It’s that time of year again. The leaves are falling from the trees, the darkness creeps up earlier and it has become cooler at night. Houses are being decorated with pumpkins, ghosts, ghouls or anything creepy. Halloween must be upon us.
When I was a child, I enjoyed Halloween as every kid does. What could be better than dressing up in your chosen costume and going door to door to be given free candy just for saying trick-or-treat? Not to mention that most of the adults that handed out all those great treats would profess how cute or scary you looked. What a great night!
Although I had a general idea as I grew a little older that this holiday originated from some sort of pagan ritual, I truly had no idea exactly what the story was. When I thought of these rituals, I was reminded of images from movies. Scantily clad people, running around one another in a trance like state, sacrificing animals around a huge fire.
I have found that this isn’t the case.
Halloween originates from a Celtic festival called Samhain. It was celebrated on Oct. 31 and was considered the New Year’s Day for the Celts. It was a harvest festival that was celebrated with joy. The Celts believed that on this day the dead wandered around and could re-enter the bodies of the living. They provided food and drink for the lost souls and dressed up in masks and costumes to scare the spirits away. Samhain eventually came to be called Eve of All Saints or Hallow Even. Hallow Even then came to be Halloween. This tradition was brought to America sometime in the 1840s by the Irish. Skeletons, ghosts and devil costumes arouse from this thought of the dead walking the earth.
This holiday isn’t exclusive to America, it’s celebrated in many countries. Canada and England are equivalent to the U.S. in their festivities. In many other countries such as Austria, Belgium and Sweden candles are lit and offerings of food and water are set out for dead relatives. Slovakians position chairs around the fireplace for living and dead relatives. In China, there’s a Halloween-style celebration called “Teng Chieh” in which food and water is placed in front of photographs of the dead and lanterns lit for spirits to find their way. The Festival of the Hungry Ghosts is the Hong Kong tradition where pictures of fruit or money are burned to bring comfort to ghosts and in Japan. There’s the “Obon Festival” in which special foods are prepared and bright red lanterns are lit to float down rivers for the spirits of ancestors. Many Latin American countries celebrate what’s known as “The Day of the Dead.” It’s a three-day celebration of joy and happiness designed to honor the dead with food, drink and parades.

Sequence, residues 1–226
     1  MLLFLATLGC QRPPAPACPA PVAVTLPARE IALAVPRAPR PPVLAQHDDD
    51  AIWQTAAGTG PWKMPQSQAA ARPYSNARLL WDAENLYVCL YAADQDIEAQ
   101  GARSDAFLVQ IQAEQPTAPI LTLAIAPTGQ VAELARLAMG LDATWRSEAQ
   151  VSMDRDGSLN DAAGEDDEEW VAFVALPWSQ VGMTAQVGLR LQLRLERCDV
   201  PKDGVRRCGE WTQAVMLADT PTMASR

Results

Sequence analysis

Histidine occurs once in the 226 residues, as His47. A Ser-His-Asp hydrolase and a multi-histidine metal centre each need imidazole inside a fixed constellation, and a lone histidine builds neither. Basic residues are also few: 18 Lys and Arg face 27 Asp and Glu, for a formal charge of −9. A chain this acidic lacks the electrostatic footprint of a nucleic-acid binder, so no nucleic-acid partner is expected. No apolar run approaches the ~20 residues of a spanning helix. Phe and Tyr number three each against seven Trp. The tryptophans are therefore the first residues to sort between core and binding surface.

Even though most countries celebrate the dead, this has never been the case for America. What once was an innocent and fun occasion for children has become an outrageous affair for adults. Although most of us still get the usual barrage of children ringing the doorbell for the candy handout, Halloween seems to be a huge party and costume event for adults as well. There is an abundance of choices for celebrating, which seems to be equally as important as what type of costume to wear, especially wearing very little clothing for some people. I have often wondered what the big deal is. Just throw something together right? Wrong. Just like when we were kids, it’s important for us to express ourselves and Halloween is the perfect time for that. It allows some of us to let our alter ego rule us for a night, induces our imaginations immensely and is reminiscent of our fun childhood experiences of dressing up and being the center of attention. We’re free to go wild and it’s acceptable, even if it’s only for a night.
If you are planning to celebrate tonight, put on a special costume, grab your friends or that special someone and party until you drop. Remember this day only comes one time a year!
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